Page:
(3 sem. cr.)
ACCT 6140

Current Trends in Accounting Standards

Students in this course enhance and utilize advanced accounting research skills in order to investigate and review the current and emerging accounting issues and changes in promulgated accounting standards that could impact 21st-century business. Students examine a variety of up-to-date and relevant topical areas that are discussed in sources such as the Financial Accounting Standards Board, International Accounting Standards Board, and Securities and Exchange Commission. As a result of their studies in this course, students will be able to anticipate changes in accounting standards and analyze potential impacts for making informed decisions and recommendations to management.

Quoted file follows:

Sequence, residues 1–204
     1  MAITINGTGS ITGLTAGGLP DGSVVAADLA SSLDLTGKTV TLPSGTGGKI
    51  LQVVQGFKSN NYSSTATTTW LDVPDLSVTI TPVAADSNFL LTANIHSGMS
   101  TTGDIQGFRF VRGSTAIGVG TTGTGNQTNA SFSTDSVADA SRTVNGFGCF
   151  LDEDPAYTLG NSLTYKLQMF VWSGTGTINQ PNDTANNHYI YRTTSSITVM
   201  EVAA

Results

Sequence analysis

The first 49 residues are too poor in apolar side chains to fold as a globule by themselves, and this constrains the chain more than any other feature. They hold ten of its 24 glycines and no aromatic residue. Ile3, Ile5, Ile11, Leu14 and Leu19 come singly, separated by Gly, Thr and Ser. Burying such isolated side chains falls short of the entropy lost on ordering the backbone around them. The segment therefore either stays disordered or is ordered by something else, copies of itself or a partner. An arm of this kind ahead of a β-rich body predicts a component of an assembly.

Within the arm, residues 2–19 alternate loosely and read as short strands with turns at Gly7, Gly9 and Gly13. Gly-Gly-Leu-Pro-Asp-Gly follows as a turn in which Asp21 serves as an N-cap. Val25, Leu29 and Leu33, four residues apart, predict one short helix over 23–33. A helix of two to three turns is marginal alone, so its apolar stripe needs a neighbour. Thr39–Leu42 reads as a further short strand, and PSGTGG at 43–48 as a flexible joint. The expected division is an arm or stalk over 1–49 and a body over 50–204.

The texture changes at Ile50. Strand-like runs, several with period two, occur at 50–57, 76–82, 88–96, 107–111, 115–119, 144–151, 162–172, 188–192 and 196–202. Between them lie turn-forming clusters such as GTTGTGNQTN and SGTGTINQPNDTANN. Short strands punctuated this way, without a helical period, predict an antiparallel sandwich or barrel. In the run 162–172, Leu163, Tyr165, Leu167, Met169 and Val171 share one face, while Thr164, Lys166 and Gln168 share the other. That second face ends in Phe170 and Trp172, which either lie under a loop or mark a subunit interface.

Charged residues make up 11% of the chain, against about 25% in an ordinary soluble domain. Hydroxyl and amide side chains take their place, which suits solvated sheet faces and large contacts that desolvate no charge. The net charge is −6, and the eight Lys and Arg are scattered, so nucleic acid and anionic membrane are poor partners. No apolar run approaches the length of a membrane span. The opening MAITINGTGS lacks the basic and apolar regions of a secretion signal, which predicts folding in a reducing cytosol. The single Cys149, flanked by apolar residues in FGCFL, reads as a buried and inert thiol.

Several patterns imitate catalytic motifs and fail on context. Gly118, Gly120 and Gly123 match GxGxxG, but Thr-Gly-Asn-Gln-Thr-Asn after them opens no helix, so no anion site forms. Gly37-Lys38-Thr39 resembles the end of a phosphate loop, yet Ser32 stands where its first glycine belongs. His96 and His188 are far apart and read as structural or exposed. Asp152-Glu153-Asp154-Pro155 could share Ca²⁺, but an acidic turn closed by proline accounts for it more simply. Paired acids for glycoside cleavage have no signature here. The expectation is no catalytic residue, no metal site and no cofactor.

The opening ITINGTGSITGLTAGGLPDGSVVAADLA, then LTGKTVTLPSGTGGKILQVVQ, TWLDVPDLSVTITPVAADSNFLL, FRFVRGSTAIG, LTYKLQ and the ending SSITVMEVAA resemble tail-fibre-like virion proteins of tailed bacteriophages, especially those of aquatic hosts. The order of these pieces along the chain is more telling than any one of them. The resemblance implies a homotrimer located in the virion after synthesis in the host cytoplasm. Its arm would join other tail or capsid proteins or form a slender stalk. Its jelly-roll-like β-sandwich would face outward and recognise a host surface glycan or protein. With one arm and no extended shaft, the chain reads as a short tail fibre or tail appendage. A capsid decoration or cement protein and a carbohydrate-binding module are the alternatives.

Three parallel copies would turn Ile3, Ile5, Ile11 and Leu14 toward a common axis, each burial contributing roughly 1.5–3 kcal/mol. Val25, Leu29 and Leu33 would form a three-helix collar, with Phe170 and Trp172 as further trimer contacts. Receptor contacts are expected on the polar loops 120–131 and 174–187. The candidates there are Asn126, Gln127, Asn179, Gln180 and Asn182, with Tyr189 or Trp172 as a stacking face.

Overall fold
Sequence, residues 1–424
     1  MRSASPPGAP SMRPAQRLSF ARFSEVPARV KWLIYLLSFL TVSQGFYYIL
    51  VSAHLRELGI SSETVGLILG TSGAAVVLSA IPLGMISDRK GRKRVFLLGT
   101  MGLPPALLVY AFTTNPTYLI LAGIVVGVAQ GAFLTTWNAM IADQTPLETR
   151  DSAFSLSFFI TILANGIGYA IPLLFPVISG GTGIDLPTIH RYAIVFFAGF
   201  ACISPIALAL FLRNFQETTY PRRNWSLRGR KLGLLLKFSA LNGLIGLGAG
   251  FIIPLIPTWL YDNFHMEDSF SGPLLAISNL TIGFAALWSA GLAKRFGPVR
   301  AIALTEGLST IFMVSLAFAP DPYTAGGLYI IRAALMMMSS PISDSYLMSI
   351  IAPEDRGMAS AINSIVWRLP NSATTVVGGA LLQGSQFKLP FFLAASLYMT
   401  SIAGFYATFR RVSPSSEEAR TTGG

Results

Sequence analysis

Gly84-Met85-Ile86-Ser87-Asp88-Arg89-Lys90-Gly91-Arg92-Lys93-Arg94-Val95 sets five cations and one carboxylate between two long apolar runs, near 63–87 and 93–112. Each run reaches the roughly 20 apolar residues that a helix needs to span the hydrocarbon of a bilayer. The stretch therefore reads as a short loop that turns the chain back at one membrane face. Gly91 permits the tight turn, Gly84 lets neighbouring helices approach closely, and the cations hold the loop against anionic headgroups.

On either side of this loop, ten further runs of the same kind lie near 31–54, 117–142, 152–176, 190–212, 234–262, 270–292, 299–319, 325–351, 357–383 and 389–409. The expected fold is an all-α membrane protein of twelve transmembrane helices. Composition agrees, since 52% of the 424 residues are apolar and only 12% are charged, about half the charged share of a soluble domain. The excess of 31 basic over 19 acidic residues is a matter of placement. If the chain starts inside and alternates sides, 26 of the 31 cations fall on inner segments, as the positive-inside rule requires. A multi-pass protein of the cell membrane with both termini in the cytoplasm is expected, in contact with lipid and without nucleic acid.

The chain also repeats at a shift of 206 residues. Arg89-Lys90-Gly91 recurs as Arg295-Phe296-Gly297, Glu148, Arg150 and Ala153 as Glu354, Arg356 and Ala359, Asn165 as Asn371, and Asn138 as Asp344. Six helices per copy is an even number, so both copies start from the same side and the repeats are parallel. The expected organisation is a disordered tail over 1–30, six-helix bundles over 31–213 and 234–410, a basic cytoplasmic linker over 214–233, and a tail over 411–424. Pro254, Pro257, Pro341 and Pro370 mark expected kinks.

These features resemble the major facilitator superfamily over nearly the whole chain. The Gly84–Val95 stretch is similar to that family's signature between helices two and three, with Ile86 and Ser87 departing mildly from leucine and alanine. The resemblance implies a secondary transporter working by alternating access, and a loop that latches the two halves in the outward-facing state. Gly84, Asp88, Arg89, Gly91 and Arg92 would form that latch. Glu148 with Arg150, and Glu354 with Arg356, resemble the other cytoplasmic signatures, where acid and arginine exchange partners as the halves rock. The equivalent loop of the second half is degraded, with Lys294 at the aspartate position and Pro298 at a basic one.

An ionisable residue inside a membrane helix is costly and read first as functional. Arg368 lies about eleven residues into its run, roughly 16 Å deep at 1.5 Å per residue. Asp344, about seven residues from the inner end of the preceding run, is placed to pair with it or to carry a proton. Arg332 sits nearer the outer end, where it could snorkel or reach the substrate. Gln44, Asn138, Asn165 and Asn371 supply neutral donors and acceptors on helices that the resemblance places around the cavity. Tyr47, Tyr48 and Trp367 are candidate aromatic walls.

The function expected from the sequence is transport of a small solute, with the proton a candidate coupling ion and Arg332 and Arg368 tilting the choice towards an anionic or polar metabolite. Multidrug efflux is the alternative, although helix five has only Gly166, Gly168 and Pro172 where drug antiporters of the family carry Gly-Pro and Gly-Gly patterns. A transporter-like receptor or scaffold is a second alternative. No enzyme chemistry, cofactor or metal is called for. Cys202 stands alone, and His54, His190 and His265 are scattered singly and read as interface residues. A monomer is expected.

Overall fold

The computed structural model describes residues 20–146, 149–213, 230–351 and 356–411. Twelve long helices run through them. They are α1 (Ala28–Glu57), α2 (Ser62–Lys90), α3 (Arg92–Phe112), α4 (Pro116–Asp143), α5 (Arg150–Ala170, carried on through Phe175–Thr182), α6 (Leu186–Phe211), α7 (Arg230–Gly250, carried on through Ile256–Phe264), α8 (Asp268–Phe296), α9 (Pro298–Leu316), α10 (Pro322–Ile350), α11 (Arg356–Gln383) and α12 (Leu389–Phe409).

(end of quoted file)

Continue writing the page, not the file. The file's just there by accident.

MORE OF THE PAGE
(3 sem. cr.)

SPECIALIZATION COURSES

ACCT 6600

Managing Operational and Financial Business Risks

Accountants and business managers must be astute and proactive in managing a business to combat the inevitable threat of operational and financial risks, including those involving credit, market, liquidity, reputation, technology, and legality. In this course, students assess the tools used by accountants and managers in managing these risks. They explore the various processes used to identify, analyze, and assess risks, and they learn the appropriate use of financial and operational controls to mitigate such risks. Additionally, students examine ways to implement techniques, such as developing a risk control matrix and using the concepts of the Committee of Sponsoring Organizations of the Treadway Commission (COSO) framework to improve an organization's enterprise risk management.  

(3 sem. cr.)
ACCT 6610

Managing Regulatory Compliance